Was it always an aircraft carrier that Tandy was messing around with in this? Or was there some other equally over-the-top item being considered at one point
The original script just started with them in the White House. I think it was John Solomon, who co-wrote it and also directed it, who kept looking for a bigger opening image. I think he and Dave Noel came up with the bomber during one of the rewrites. It was just a matter of John saying, “Isn’t there some huge splashy image we can open on?” Will assumed it couldn’t be done, but our producer, Steve Burgess is unflappable, and as it turns out, he found us a way to do it. The first two episodes of this season were wildly over budget, just like the first two episodes of last season. Then for the next few episodes we had to try to climb out of that financial hole. As an aside, when you see an episode where they are mainly in the house or out by the pool, that’s an episode where we are saving money.
You told me in the past that that great “Paper Planes” joke was originally in the second episode, but then moved over here. Can you talk about the differences in how the premiere and the next episode originally were supposed to end and begin?
The difference was that originally, in the first episode, we see Tandy filling up the gas tank, but we don’t see Carol leave the RV. And then we cut to Tandy driving and singing the “world’s largest plate” song and then discovering that Carol is missing. So we didn’t show you how it happened or where she is. We left it as a mystery in that episode until the very end shot, where we reveal that she is alive at a gas station somewhere, but still you had no idea how they got separated. Then the beginning of the next episode was written as a flashback to the gas station moment, so the original plan was to have a mystery posed in 201 and explained in 202.
We also get right back to Mike Miller in space. You had spoken before about how the Sudeikis reveal in the first season was originally going to happen midseason rather than the note the season went out on. With him being in flux in the past, did now seemed like the right time to continue that story?
We knew we couldn’t end season one on Mike Miller and then ignore him for any length of time. We ended up shooting all of Jason’s stuff in two days and then spreading it out over the first ten episodes. In my opinion, it wasn’t ideal, but Jason had very limited availability.
Mike having worm friends like Phil does with his balls is such a nice touch, too.
There was some discussion of “what’s the difference between the two Miller brothers?” And our first instinct was to have Mike be the opposite of Tandy – totally buttoned down and scientific. But when push came to shove, you’ve got this wonderful comic actor in Jason Sudeikis, and you want to let him be at least a little goofy. It made sense to let Mike have the same sensibility as Tandy. He’s just more successful.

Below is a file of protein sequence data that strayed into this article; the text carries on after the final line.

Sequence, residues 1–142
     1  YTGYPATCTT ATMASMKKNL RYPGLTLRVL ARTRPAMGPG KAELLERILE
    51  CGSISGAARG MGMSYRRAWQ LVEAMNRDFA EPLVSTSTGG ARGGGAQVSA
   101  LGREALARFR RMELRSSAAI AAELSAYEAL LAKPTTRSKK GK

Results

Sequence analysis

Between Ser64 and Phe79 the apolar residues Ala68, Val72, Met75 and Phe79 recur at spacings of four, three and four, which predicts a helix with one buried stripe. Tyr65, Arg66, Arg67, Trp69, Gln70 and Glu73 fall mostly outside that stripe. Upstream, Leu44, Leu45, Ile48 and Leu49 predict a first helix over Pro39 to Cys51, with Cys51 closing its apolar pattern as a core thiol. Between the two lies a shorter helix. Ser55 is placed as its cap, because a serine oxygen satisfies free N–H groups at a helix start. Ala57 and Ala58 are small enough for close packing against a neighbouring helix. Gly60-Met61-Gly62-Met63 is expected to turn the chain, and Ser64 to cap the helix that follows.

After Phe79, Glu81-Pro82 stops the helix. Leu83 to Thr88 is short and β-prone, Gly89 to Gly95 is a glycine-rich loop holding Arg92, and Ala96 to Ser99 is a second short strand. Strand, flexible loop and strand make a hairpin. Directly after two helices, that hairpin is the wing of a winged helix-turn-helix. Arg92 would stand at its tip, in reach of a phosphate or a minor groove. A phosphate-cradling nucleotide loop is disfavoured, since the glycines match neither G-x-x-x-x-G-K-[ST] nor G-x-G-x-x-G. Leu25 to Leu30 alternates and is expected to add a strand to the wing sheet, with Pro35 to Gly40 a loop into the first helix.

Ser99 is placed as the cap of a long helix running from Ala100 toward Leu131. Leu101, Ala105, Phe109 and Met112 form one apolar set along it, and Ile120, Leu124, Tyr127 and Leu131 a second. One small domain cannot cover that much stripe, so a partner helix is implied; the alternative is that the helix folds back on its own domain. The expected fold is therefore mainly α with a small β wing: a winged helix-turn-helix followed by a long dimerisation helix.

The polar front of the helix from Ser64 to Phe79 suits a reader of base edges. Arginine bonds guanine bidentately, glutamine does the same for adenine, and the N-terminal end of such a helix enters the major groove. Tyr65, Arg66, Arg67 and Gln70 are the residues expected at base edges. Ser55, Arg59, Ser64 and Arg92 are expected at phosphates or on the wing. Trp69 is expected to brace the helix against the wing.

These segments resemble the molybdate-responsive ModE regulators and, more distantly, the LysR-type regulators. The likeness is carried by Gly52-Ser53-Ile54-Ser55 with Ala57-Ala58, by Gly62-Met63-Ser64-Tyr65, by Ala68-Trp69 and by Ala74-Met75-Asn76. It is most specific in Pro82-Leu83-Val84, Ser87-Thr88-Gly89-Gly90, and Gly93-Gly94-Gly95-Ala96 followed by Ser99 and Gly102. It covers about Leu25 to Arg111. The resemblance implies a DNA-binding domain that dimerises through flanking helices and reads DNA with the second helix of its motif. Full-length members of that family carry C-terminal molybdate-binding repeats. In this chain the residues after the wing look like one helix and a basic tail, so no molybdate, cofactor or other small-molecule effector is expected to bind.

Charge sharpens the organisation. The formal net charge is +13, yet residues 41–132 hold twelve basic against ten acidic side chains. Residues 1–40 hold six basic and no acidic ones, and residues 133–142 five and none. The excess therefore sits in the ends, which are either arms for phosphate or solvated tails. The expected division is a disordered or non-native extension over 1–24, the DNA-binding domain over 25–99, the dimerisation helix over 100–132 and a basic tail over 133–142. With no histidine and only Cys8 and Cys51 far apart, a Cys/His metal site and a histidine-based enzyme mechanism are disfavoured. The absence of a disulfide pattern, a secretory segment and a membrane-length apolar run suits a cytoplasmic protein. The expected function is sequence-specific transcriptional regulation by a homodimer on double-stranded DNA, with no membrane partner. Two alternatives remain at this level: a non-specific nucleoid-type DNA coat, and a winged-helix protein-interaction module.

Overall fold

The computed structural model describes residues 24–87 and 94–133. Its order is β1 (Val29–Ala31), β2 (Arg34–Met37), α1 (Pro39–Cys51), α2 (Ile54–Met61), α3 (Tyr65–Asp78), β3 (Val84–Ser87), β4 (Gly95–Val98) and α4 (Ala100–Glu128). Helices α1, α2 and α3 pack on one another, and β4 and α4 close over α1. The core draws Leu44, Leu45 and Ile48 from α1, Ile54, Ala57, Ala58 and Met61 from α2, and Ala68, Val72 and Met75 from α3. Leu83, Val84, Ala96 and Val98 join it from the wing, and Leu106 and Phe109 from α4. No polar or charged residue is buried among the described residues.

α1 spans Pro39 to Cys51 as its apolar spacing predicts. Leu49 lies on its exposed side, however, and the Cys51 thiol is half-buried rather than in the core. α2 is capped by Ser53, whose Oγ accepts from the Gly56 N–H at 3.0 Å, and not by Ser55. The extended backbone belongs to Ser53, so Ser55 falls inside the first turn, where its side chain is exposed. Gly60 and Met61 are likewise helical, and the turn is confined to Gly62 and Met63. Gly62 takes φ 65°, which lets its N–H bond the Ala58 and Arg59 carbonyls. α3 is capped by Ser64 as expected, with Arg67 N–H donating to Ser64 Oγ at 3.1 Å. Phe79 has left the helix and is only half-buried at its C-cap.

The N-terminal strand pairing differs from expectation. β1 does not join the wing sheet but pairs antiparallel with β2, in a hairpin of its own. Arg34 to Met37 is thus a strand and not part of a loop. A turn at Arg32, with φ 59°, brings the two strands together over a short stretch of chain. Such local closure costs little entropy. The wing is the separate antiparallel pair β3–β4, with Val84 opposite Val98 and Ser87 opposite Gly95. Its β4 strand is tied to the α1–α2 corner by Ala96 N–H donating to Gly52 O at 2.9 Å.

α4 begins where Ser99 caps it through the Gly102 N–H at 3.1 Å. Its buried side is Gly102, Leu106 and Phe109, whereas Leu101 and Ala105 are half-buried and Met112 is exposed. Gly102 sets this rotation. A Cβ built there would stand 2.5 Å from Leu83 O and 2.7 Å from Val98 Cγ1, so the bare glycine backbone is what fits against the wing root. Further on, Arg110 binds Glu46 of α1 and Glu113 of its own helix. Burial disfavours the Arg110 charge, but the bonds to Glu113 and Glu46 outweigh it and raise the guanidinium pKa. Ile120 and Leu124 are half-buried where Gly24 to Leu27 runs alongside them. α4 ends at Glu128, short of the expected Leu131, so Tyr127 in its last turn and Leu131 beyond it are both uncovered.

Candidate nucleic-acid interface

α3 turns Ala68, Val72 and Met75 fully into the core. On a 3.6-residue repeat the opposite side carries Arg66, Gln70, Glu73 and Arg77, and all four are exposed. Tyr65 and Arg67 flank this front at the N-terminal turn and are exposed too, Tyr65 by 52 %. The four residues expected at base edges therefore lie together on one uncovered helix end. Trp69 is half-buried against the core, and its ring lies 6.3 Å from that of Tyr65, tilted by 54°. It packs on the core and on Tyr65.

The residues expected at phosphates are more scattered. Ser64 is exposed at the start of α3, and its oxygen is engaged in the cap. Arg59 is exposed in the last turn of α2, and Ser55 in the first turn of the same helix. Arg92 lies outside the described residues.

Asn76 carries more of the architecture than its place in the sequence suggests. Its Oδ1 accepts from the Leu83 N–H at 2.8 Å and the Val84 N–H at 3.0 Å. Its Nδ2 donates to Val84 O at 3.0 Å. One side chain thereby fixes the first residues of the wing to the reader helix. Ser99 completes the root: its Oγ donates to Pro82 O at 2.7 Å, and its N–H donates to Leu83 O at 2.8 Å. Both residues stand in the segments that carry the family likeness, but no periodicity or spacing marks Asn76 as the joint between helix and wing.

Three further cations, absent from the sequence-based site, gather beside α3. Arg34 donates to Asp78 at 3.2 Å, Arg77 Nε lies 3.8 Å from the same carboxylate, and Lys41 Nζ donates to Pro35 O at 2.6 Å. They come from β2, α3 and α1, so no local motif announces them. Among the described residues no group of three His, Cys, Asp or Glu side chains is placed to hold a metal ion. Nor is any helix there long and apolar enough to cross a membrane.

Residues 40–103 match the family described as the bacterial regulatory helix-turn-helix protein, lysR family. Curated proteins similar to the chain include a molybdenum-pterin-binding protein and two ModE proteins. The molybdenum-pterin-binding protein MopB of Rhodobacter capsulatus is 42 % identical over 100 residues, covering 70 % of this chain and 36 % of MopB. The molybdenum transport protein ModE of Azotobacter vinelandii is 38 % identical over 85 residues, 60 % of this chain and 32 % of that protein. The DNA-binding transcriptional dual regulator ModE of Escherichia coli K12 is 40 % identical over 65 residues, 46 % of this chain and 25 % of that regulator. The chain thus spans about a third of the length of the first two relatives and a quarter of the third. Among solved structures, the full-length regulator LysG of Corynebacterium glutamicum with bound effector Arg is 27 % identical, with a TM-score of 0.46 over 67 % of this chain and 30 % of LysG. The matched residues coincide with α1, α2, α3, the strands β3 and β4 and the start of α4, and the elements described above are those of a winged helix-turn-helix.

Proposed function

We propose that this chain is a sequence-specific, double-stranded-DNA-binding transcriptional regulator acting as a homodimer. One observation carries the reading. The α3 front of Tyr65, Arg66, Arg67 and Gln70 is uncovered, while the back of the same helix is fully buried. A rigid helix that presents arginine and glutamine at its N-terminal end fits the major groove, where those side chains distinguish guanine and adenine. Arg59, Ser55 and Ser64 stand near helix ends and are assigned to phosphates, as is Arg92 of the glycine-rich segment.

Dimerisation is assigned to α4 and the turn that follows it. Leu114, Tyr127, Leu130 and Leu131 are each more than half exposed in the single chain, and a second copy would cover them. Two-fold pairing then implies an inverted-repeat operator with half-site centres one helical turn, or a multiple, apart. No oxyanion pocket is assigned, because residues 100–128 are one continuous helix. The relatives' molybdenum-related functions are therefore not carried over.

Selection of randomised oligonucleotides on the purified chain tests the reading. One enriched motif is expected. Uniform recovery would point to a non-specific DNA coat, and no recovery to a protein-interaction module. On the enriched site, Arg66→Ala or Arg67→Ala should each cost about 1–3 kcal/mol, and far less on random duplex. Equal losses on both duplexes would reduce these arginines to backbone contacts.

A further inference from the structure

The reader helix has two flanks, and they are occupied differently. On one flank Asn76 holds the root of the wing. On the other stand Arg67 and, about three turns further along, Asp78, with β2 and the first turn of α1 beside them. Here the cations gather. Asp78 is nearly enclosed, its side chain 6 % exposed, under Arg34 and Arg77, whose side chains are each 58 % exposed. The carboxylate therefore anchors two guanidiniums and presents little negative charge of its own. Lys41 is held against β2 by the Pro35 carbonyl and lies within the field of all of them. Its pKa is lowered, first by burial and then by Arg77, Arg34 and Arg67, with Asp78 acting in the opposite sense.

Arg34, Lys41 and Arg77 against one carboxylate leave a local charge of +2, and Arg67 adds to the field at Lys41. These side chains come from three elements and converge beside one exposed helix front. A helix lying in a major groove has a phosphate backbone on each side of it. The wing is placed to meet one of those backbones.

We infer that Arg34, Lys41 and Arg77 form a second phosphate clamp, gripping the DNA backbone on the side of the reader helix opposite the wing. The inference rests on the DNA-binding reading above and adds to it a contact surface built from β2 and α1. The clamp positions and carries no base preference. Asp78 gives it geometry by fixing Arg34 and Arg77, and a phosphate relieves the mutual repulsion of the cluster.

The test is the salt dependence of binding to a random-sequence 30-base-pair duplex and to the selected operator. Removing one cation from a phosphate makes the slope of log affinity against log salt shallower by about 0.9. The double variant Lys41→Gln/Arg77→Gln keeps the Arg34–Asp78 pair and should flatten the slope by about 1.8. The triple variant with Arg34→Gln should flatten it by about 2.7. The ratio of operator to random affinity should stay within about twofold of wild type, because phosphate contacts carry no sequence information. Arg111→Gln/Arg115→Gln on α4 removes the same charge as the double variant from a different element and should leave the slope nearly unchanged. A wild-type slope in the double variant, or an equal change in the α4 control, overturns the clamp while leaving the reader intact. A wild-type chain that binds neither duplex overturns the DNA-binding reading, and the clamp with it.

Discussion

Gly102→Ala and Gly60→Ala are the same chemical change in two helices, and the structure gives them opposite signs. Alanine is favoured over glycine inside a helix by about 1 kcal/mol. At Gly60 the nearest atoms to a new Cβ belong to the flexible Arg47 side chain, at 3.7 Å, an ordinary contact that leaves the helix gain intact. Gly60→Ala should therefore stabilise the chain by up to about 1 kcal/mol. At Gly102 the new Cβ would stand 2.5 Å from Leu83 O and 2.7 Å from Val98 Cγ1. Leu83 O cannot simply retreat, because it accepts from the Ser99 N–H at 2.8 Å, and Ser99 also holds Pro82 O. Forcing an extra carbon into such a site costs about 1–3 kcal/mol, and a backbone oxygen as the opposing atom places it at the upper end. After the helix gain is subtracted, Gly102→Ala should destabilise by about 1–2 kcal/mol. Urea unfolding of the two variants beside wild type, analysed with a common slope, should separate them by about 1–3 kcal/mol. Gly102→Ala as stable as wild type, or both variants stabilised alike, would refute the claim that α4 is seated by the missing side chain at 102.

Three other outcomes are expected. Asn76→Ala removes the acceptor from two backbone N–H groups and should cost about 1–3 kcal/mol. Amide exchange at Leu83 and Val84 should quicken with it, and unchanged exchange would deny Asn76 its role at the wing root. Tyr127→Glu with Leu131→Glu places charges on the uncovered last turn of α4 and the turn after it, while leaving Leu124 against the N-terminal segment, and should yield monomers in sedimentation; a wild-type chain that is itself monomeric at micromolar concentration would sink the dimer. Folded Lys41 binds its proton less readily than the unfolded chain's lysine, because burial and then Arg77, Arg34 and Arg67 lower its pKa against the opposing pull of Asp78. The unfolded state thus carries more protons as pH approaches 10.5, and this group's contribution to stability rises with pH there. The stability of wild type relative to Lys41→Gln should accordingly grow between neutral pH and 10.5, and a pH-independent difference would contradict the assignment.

We also get to dig a little deeper into Carol in this episode, getting to see her home and learn a bit about her family. You don’t get a lot of opportunities for that in the show, that when you do are they extra important?
Early on we all kind of assumed the show could delve into flashbacks. But the more we thought about it, it’s like, Lost did that, and OINTB is doing that, and they’re doing it really well, so we just don’t want to copy. And when flashbacks were off the table, I think it added to our weirdness and our off-balance feeling and the vibe of alienation. These people are just thrown together randomly for no understandable reason. Ordinarily that’s not an ideal setup for storytelling, but for our weird premise, it totally works. Their backstories have nothing to do with why they are in each other’s lives, and whatever backstories they have are completely upstaged by the one thing they do have in common – the unfathomable amount of death they all witnessed.
And believe me, we’ve pitched on tons of backstory for Carol, like her job at the hot sauce factory and her mom maybe having a secret family on the side, and maybe some surprising prior marriages in Carol’s past. All of it ends up in a jokey place, and Will Forte has a real aversion to anything that feels like what a sitcom would do. He smells it a mile away and he just refuses to go there. So the little bit that we showed seemed like just enough. It’s focused on Carol being a blissfully unaware outcast, an oddball at total peace with herself, and almost entirely focuses on the brief period of time after the virus started. Even Carol Pilbasian lost her shit briefly. We love that. We love that the worst tragedy in human history is a pervasive force in these people’s lives.
The Last Man on Earth Season 2 Episode 2 “The Boo”
Written by Andy Bobrow ; Directed by Jason Woliner
“Phil goes on a search for Carol after he accidentally leaves her in a gas station in Oklahoma.”
With how strong Tandy and Carol’s dynamic is in the premiere, I really thought that this separation of them could be something that really took up a lot of the season, with the goal being eventually to reunite them. Did you guys ever plan to draw this out a little longer, or was it always a macguffin meant to get wrapped up pretty quickly?